You only have to take a peep at his work at:

and be truly inspired to keep quilting!

My french awakening broadened when certain French celebrities such as the famous French poppet Audrey Hepburn who starred in the memorable ‘Breakfast At Tiffany’s’ was caught knitting while on set. And we all know that ANYTHING she produced would be oh so divinely elegant just like her, not to mention tres petite!

It just goes to prove that quilting and other handicrafts inspires us humans at any level of fame. That’s a perky thought which soothes the average quilter no doubt.
There’s certainly a place for the long lived handiwork of quilting and knitting across the globe.

But… perhaps we were never average after all!

Long live the humble needle and thread!

Au Revoir,

Best Wishes, Therese Waddell

Copyright@ 2010 Therese Waddell

Awakening To French Fabrics in Montmartre

Posted in East of France, French Affair, French Quilts, French Travel, Paris, Paris Shopping with tags , , , , , on February 20, 2010 by Therese Waddell

Bonjour mes amis,

I have another quilting secret from Paris. If, like me, you are on the hunt for more French fabrics while in Paris, a trip to Montmartre is always worth a visit. It has fabric shops galore snaking in and out of the Montmartre maze of streets (or rues) and is loads of fun as you join the treasure hunt for all sorts of quilting fabric!

I consider Montmartre “fabric heaven” and bargains are to be had here but be on the ready to bargain at times, particularly if you are buying metres and also check for seconds thoroughly while you’re at it.

To start, begin your hunt from the bottom of Sacre Coeur steps. I wish I could take you with me next time but for now I’d like to show you what I bought last time I was poking around in Montmartre. My french awakening grew costly with all my purchases, but I have used many of the fabrics I’ve bought since then and that’s actually a bonus in some quilting circles!

All you non quilters ( and I do appreciate there must be a few of you) MUST NEVER EVER under estimate the process of quilt construction.

Step 1: Acknowlegde that fabric choice is a long but never painful process for the quilter.

Step 2: Acknowlegde that fabric once chosen, can be rechosen after choosing countless other alternatives in between.

Step 3: Acklowledge that many quilts may spring to mind when choosing fabric for a single quilt but the quilt intended will always be acknowledged eventually.

Step 4: Acknowlegde that a pattern should be adhered to for the sake of complete dilemmas in the fabric shop.

Step 5: Take a friend, but realise that a quilting minded pal will stick to the golden rule  in the shop which is:- Be there, nod a great deal and take with you plenty of tissues when the last of the fabric bolt is empty.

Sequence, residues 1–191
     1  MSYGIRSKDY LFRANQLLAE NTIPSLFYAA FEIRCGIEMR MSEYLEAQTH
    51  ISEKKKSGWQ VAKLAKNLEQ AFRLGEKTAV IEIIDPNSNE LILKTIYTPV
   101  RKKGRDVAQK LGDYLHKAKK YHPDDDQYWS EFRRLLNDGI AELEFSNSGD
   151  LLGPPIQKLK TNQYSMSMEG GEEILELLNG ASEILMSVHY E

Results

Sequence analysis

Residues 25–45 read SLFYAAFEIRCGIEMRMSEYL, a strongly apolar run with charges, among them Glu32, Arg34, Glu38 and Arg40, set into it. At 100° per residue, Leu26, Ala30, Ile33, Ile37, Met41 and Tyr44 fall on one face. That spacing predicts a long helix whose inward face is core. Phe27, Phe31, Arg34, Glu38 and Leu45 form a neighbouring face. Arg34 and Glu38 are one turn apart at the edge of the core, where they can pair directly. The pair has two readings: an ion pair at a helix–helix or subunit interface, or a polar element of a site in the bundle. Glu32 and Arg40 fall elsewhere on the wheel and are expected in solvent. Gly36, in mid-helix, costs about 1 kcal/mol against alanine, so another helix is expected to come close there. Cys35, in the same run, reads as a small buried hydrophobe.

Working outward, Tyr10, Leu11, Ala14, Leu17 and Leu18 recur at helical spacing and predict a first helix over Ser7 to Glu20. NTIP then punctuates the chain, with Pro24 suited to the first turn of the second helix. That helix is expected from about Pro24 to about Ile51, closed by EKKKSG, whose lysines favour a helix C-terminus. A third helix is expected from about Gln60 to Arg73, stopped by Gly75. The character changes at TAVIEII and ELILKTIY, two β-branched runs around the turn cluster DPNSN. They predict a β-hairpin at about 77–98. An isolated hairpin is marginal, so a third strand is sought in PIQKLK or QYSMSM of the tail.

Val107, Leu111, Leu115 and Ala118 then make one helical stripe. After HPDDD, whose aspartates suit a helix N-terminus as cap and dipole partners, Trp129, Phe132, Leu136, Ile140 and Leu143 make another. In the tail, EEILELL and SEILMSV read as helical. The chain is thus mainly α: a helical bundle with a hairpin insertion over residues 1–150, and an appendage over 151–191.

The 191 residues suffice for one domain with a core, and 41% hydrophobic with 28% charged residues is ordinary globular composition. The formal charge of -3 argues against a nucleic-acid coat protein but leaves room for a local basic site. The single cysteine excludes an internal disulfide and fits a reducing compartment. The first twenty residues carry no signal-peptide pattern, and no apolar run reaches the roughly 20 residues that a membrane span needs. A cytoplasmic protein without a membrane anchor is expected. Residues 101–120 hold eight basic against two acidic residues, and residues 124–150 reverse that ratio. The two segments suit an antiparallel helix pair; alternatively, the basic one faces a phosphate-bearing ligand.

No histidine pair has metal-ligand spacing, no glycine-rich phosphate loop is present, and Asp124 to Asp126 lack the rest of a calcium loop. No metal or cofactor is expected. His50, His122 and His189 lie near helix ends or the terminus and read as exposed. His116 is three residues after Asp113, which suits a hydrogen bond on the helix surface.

Step 6: Acknowledge that colour choice was wise and make note of the shop’s opening hours for the rest of the fabric you decide to go back for in the morning!

Having done all this, take a peep at some of my Montmartre french fabric discoveries.

Here are some of the silks and woven cottons  of many colours which I made into a quilt for the wall.

And look at this beautiful cherry red toile which I have used many times (I bought so much of this gorgeous fabric) where every scene depicts a story. French fabric can say so much about…




And dreaming…

And if you like this, you may like my other purchase of divine little French motifs which I have used in my ‘French Country Quilt’. My website at

will have all my patterns including this one very shortly.

If you love blue, as many of you do, you will like these.

Or take a look at the Louis XIV prancing horses on fabric…

And the other circus menagerie which would look fabulous on any quilt.

Then, there are these pieces to inspire a medallion quilt of all sorts…

So, my dear quilting friends the treasure hunt begins in Montmartre! Don’t miss it next time you’re in Paris. Remember though that great things take time and fabric hunting is a work in progress!

Have fun!

Au revoir,

Best wishes, Therese Waddell

Awakening To Le Rouvray French Fabrics

Posted in Decoration & Design, French Affair, French Quilts, French Travel, Paris, Paris Shopping with tags , , , , , , , , on February 16, 2010 by Therese Waddell

Bonjour all quilters,

Quilting secrets should be shared I realise and this is a special blog to introduce my subscribers and friends to some fabulous French quilting shops and market places which I have used regularly when in France.

Purchasing gorgeous fabrics is a quilter’s haven and no doubt there is no limit to purchasing “must-have-to-die-for-fabrics”. We admit that our fabric stash is a work in progress and any information on quilting and patchwork shops and the exact location of divine fabrics and gorgeous remnants is a quilter’s dream. So here we are!

When you’re next in Paris, your first target is Le Rouvray.